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Comparison of lability of soil-derived dissolved organic matter from hillslopes of contrasting forestry history in a Pacific coastal forested watershed Wang, Mengxi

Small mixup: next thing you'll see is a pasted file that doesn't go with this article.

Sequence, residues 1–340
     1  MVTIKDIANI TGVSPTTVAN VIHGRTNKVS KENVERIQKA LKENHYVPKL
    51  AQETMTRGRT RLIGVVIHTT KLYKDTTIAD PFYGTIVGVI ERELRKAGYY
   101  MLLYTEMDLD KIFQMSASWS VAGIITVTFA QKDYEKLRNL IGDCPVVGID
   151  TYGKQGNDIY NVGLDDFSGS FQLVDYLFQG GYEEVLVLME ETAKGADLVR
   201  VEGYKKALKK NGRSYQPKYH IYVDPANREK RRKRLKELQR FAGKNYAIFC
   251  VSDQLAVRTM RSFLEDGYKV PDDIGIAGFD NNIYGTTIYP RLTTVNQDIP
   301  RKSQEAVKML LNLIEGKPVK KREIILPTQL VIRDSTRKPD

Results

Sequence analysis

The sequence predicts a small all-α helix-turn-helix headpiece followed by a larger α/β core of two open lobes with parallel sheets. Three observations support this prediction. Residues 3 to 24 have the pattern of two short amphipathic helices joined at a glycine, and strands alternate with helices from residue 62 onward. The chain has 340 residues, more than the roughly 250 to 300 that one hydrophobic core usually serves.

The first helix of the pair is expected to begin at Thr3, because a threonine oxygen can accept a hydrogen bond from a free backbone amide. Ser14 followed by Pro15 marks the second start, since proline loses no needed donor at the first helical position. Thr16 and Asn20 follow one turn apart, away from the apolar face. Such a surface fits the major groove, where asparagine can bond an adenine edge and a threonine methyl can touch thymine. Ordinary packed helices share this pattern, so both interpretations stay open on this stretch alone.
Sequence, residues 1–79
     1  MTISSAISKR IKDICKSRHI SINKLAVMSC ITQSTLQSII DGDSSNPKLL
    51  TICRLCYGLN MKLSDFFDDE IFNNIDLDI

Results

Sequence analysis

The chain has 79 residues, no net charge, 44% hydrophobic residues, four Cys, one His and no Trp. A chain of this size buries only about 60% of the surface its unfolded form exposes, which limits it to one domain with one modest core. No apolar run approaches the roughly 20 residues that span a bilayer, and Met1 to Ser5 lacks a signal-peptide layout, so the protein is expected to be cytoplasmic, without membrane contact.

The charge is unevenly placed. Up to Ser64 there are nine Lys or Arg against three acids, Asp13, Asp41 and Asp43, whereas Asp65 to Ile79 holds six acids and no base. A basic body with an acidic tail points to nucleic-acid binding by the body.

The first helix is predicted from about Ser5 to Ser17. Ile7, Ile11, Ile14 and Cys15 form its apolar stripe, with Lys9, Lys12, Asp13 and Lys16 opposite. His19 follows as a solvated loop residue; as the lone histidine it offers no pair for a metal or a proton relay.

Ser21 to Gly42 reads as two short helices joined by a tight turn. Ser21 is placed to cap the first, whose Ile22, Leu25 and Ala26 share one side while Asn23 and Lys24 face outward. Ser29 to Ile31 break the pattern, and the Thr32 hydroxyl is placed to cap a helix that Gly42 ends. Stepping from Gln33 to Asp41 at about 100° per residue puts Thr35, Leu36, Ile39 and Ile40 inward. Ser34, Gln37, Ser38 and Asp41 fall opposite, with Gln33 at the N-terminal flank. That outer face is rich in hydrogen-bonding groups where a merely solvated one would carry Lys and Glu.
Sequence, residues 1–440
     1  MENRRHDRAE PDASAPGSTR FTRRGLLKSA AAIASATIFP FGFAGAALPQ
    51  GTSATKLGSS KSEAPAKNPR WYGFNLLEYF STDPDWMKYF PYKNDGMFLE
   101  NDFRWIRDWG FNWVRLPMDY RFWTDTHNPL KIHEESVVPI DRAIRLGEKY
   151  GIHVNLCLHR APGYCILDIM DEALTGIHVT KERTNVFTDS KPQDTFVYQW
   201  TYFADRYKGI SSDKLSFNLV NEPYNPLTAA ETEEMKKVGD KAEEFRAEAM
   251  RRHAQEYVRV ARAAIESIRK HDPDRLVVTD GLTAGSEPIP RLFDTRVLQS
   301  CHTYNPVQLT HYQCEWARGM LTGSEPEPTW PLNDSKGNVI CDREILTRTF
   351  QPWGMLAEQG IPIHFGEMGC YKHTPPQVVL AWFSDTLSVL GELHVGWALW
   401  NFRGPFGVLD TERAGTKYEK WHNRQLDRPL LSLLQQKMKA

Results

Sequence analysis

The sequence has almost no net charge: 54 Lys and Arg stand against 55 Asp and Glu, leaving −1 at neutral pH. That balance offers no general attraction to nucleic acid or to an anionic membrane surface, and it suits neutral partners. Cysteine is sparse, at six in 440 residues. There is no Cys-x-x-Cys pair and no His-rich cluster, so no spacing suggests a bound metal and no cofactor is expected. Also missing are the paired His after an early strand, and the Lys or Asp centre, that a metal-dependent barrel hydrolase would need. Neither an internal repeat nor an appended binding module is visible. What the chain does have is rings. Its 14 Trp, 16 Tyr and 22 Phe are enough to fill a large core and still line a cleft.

Dissolved organic matter (DOM) is a key aspect of source water quality in forested headwaters and a subject of concern in drinking water treatment due to its potential for adverse chemical reactions. Forest soils contribute a substantial fraction of DOM entering freshwater systems and can be altered by land use practices such as forest harvest, with implications for water quality downstream. This study investigated the relationship between forest clear-cutting and the biodegradability of soil-derived DOM. The potential for water-extractable soil DOM to be metabolized was measured via in-laboratory incubation and quantified via two methods: loss of dissolved organic carbon (DOC) and changes in fluorescence and absorbance properties. Through comparison of clear-cut stands of differing histories with nearby forested hillslopes, a chronology of the extent of DOM alteration with time elapsed since harvest was established. Biodegradable DOC did not differ significantly between forested and clear-cut sites of any age, though the variability was greater for clear-cuts (forested: 9 ± 1% mean ± standard error; clear-cut: 8 ± 2%). DOM character was different in the most recent clear-cut (harvested in 2017), with a greater fraction of high molecular weight, plant-derived compounds resistant to biodegradation. Incubation did not affect forest and clear-cut DOM differently except for the 2017 sites, where the clear-cut sample showed reduced microbial metabolism and a greater degree of humification. These results may be attributable to the prevalence of woody debris at the more recent clear-cuts, a remnant of the logging process. Overall, DOM character pre- and post-incubation were similar, suggesting soil DOM is relatively refractory and may persist in aquatic systems. The higher fraction of terrestrial, refractory DOM, if sustained downstream, would increase coagulant demand during drinking water treatment, but observable differences in water quality are not projected to last beyond 10 years after harvest in regions similar to the study site.

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